Resilience Corner: Resilience Is Not About What You Have, It Is About What You Do

Resilience Corner: Resilience Is Not About What You Have, It Is About What You Do

Resilience is a “new” term creeping into military directives, but what does it mean and how do we use it to guide decisions? In previous Resilience Corners, we discussed how resilience is more like a verb than a noun and that resilient military systems should be designed to handle surprises instead of only pre-defined threat scenarios. But how can one assess and design military systems that successfully adapt to surprise? 
The key is to focus less on what your service has and focus more on what people do when faced with stressful events. For example, the resilience of an installation’s electric power system is not determined by whether it has backup generators for mission critical systems, but by the actions people take to ensure that the generators turn on and work during a blackout. Often missions are not degraded due to a lack of backup systems, but because the systems did not function as intended and personnel were unable to resolve operational issues. The fundamental question is not, “how many backups do we have,” but, “are we capable to respond to surprise?”
Research suggests that improving processes for response is the best way to promote resilience. Military practice already puts a strong emphasis on improving soldier capabilities to respond by speeding up their OODA loop—i.e., their ability to Observe, Orient, Decide, and Act under pressure [1]. Improving the OODA loop enables a soldier’s capability to sense their environment (observe/orient) and adapt to changing mission needs (decide/act). However, there is a more nuanced perspective promoted in resilience literature that suggests the OODA loop is insufficient, dubbed SAAL—Sensing, Anticipating, Adapting, and Learning [2]. SAAL expands on OODA to emphasize that resilience also requires an ability to overcome bias and foresee new possibilities (anticipate) and incorporate experience into future action (learn). Encouraging this broader view and implementing policies that improve SAAL may have the force multiplying effect that new military resilience requirements are trying to achieve.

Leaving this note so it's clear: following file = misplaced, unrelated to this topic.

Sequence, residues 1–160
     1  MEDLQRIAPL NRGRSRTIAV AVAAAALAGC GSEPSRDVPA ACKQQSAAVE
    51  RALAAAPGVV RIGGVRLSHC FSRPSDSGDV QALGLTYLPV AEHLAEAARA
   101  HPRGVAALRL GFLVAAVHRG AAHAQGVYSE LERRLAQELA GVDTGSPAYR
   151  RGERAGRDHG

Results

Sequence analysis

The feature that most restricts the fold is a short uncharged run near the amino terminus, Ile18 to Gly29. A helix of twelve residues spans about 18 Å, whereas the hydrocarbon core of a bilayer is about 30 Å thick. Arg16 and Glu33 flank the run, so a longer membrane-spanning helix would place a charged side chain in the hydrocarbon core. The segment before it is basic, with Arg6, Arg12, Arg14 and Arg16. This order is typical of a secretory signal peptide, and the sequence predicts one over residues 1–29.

Unfortunately, current resilience policies may not improve SAAL processes. SAAL is demonstrated by the actions people take, making these processes much more difficult to measure than the number of backups, soldiers, or weapon systems we have available. Simply put, SAAL cannot be counted. This means that resilience policies that focus on the quantity of an asset may not be effective, e.g., energy resilience plans that require seven days of backup electricity. 
Instead, SAAL can be observed. Resilience does not ask whether we have backup power, but if we are even capable to use it. This means that resilience policies should promote training, simulations, exercises, and deployments to determine just how well soldiers adapt to new situations. Accordingly, energy resilience requirements should not just promote quantifying whether an installation has electricity for the full seven days after a blackout, but also promote observing the actions people took to make seven days possible.
Email Dan Eisenberg at or call 831-656-2358

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